The ML engine (which doesn’t seem to have a name yet) leverages predictive analytics and pattern recognition to make data placement decisions. Depending on how much a PowerMax array is utilized, the ML engine can drive up to 6 billion decisions a day. While we do not have more precisions, Dell EMC states that the ML engine analyses and forecasts 40 million data sets in real-time (is that locally?) and is currently analyzing over 425 billion data sets in real-time. I hope to get more clarifications on the matter to improve this section of the article.
Obviously, most of the data is processed and kept internally by PowerMaxOS, with only relevant data that helps enrich the ML engine being sent back to Dell EMC.
Until now, Dell EMC customers lacked a Tier-0 offering and had to look for alternative options; Dell EMC was cut off from a market that, while still relatively niche, is deemed to keep growing and growing as the data explosion trend keeps following its hyperbolic course with no correction in sight. With the PowerMax, Dell EMC makes a noted and most welcome return into the most prestigious segment for storage, Tier-0 – a segment that they had pioneered with the powerful but short-lived DSSD array, a solution that was in advance for its time and too early on the market. With the PowerMax platform, Dell EMC now has a full portfolio offering for every storage type & tier.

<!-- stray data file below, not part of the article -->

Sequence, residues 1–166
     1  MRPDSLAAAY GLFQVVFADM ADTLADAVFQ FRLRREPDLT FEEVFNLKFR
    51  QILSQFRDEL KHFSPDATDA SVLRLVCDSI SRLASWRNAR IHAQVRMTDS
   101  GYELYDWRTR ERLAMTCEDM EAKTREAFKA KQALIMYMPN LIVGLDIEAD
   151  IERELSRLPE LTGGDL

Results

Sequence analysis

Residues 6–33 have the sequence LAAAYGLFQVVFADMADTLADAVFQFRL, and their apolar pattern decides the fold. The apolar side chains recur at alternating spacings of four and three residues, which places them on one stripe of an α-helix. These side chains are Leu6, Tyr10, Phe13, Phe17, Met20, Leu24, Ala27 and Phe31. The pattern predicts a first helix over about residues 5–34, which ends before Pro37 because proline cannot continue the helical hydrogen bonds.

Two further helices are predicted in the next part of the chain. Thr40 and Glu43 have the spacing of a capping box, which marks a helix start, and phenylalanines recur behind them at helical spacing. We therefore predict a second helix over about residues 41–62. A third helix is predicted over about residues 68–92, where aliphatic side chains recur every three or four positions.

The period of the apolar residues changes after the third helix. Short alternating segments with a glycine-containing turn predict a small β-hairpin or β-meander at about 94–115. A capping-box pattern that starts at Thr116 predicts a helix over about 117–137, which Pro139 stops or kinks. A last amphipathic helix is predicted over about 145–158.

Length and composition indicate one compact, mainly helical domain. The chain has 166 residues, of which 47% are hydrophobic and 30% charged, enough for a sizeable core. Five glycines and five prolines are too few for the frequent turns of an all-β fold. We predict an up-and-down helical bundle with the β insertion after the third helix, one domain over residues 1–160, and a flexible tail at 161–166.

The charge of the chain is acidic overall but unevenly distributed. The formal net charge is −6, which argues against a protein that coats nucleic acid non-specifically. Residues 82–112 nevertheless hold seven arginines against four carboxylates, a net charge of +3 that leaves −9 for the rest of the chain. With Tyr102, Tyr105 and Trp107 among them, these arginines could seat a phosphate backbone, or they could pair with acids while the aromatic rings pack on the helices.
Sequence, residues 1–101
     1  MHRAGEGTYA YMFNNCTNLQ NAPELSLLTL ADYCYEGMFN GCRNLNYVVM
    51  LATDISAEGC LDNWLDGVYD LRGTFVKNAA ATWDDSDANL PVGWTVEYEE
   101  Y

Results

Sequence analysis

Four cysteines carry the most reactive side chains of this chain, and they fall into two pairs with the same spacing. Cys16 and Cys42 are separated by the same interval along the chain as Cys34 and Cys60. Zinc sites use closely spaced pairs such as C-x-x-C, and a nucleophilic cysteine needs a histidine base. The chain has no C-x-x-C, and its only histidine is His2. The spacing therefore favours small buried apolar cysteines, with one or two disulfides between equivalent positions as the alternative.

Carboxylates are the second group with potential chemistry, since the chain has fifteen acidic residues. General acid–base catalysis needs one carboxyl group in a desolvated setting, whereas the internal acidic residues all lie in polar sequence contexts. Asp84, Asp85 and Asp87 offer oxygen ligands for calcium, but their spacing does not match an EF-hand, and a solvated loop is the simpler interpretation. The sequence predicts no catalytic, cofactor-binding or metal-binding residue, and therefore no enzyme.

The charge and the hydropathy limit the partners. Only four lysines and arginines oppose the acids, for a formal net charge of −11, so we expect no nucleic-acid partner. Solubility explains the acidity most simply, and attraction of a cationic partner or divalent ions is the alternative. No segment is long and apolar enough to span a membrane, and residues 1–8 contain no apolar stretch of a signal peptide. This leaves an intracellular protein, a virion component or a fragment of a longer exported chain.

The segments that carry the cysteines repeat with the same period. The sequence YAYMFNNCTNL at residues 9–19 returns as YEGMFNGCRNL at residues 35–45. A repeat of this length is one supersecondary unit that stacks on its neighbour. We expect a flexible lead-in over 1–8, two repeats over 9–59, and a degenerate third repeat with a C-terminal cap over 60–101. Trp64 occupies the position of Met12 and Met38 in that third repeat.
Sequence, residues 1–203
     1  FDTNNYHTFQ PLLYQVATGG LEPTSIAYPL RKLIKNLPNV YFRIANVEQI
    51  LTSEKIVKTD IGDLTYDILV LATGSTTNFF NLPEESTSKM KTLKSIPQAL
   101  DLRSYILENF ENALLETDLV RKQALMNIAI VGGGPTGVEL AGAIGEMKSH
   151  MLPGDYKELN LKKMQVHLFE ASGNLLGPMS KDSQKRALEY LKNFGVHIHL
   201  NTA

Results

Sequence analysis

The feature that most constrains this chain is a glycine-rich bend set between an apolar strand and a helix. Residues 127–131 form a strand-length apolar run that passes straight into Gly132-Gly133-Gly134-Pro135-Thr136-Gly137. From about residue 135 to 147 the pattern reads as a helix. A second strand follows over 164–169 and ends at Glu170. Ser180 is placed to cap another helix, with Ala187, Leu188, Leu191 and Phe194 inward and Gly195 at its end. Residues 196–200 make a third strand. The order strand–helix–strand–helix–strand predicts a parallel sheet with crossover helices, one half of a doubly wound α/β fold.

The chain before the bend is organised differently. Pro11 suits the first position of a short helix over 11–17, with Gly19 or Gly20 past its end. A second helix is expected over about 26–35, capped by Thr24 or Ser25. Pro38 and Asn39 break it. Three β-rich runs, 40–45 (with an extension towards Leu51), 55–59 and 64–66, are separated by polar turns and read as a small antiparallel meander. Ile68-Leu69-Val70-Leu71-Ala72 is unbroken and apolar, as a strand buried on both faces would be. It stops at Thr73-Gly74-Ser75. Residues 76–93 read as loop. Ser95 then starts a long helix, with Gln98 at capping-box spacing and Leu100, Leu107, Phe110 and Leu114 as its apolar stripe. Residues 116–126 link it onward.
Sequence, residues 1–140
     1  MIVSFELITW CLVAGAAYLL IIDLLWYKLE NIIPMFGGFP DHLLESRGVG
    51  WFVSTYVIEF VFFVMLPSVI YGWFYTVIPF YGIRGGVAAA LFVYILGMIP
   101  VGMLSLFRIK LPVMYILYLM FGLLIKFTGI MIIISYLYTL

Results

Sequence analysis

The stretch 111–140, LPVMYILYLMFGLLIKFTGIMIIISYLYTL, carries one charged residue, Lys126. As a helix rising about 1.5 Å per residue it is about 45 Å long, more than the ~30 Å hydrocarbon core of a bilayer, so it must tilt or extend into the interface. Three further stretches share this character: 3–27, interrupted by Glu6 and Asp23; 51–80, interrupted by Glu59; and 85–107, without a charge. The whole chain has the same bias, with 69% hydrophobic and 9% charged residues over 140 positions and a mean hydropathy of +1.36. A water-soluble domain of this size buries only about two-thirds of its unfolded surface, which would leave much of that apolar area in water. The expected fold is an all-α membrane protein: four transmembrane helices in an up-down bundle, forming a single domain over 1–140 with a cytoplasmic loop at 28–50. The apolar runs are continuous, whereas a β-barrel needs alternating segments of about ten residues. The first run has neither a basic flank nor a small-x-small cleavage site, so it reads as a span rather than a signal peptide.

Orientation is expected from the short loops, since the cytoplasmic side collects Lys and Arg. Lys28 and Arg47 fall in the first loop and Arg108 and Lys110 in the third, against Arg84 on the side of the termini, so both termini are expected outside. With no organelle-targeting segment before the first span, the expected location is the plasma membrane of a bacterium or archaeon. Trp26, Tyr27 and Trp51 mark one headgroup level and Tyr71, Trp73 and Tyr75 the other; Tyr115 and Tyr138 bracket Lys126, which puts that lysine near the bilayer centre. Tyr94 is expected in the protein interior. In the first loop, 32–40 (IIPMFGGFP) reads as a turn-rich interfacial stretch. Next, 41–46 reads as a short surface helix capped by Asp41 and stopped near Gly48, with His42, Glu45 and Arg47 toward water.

Customers evaluating the PowerMax will be happy to know that thanks to the experience coming from the VMAX especially on the long-standing reliability of that platform, which has been use for many years as the foundation to run mission-critical workloads. PowerMax expands these capabilities into the Tier-0 world; it offers enterprise-class support and the guarantee of a strong brand to customers who look at emerging startups in the field with suspicion and fear. It’s not that large companies never kill off products (no need to look far with the DSSD story) but the market has reached the maturity for such solutions, demand is there, and PowerMax comes out just at the right time.
In my view, there are very good chances for PowerMax to thrive, and eventually in the mid to long run to supplant the VMAX offering as ML gradually becomes a standard feature of storage arrays, and as NVMe adoption grows. I’m convinced that the technology we see today in PowerMax will make its way, when relevant, to the Tier-1 range (if it doesn’t ends up supplanting it) and eventually even in the midrange storage, at least for ML / predictive analytics functions.
I was invited to Dell Technologies World by Dell. Dell covered the cost of travel and accommodation during my time at the event. I have not been financially compensated for participating; the invitation was made without any obligation to blog or to produce content. Any content you see posted here is created willingly and is the exclusive product of my mind. Content aims to be objective and will be produced without any moral obligation to please Dell or any of its subsidiaries.